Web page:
Edinburgh Fringe: Falkirk's hardest granny returns to make it a Festival hat-trick

Alan Bissett is Falkirk's hardest granny, Moira Bell, who returns to the Edinburgh Fringe in 2022Alan Bissett is Falkirk's hardest granny, Moira Bell, who returns to the Edinburgh Fringe in 2022
Alan Bissett is Falkirk's hardest granny, Moira Bell, who returns to the Edinburgh Fringe in 2022
Falkirk's hardest granny, Moira Bell, is heading back to the Fringe guaranteeing more hilarity as she relives surviving the pandemic with only vodka, fags and her BFF Babs on Zoom to keep her going.

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Alan Bissett's comic creation returns to the Festival following her 2017 Fringe First winning debut The Moira Monologues, which was followed by More Moira Monologues.

In Moira In Lockdown, the third play of the trilogy, Falkirk’s hardest woman faces her toughest challenge yet, the pandemic, as she journeys through the highs and lows of lockdown with writer/performer Alan Bissett returning the role once described as “the most charismatic character to appear on a Scottish stage in a decade” as she lusts after Joe Wickes, rages at Cummings, and grows her own weed.

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“I am hugely excited to be reuniting with director Sacha Kyle to bring back a character that audiences have taken to their hearts so much over the years. The previous two Moira Monologues were an absolute joy to perform – it always is when you’re being a character who says the unsayable – but I needed a good reason to bring Moira back, rather than just doing so for the sake of it,” says Bissett, himself from Falkirk and author of the novels Boyracers, Death of a Ladies’ Man and Pack Men.

He continues, “Reflecting on the bizarre experience the world has had for the last two years, through the particular Scottish, working-class voice of Moira Bell, seems like the only justifiable reason. Once I’d made that decision, I really had to think about what Moira’s lockdown experience would’ve been: the extent to which it was similar to my own and the ways in which it wildly diverged.”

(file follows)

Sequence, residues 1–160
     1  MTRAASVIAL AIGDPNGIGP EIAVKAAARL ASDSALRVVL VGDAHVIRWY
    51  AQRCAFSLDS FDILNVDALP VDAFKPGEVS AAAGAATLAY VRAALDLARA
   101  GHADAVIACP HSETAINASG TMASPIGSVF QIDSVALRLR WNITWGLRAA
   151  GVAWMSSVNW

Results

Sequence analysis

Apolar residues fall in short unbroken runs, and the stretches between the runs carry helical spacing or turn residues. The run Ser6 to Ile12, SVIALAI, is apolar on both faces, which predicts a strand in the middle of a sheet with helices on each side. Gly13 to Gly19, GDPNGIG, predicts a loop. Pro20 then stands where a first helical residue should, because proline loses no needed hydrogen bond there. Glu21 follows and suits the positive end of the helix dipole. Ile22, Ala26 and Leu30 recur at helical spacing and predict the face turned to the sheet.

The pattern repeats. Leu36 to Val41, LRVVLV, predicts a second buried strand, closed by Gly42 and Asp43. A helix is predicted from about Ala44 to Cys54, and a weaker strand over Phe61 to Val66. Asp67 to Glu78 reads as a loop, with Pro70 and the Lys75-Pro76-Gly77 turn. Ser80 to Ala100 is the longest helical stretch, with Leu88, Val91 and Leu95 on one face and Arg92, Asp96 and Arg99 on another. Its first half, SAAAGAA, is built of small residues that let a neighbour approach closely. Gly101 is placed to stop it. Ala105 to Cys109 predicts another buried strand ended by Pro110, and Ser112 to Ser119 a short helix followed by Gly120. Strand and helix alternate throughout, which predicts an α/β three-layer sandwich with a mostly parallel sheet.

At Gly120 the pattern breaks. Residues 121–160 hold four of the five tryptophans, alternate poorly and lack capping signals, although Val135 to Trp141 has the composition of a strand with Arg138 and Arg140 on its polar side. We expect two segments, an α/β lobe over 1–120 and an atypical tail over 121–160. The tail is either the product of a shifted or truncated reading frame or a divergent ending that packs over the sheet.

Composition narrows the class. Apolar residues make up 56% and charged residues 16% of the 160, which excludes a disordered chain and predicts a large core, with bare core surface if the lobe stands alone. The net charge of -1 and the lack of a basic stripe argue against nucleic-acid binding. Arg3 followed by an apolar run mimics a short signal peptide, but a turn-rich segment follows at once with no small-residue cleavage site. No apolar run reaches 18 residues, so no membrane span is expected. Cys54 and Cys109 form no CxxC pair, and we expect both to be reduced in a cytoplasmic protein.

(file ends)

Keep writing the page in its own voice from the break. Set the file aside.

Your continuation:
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Moira In Lockdown will run at the Scottish Storytelling Centre on the High Street from August 3-23 (not 11, 15, 17, 19, 22), at 6.30pm and lasts one hour, with tickets going on sale on June 9.

Daniel Abercrombie, programme and events manager, at the Centre, says, “We are delighted that the Moira Monologues will be returning to The Scottish Storytelling Centre this festival season as part of our biggest Fringe programme to date.

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“In Scotland’s Year of Stories what better way to delve into the depths of lockdown than through the exhilarating exploits of Falkirk’s hardest granny Moira.”

Bissett adds, “I can only hope I do justice to the previous two shows, in what will be the third and final part of what is now the Moira trilogy. I mean, nobody wants The Godfather Part III, do they? Hopefully that sense of responsibility to the character, and expectation from the audience, will provide for a unique Fringe experience come August and bring Moira’s story to a satisfying end.”

Bissett's other plays include Turbo Folk and the writer, who won the Glenfiddich Scottish Writer of the Year in 2011, has also written several episodes of BBC Scotland's long-running drama River City. He is currently working on his first novel for over ten years, The Coven and the Drowners.

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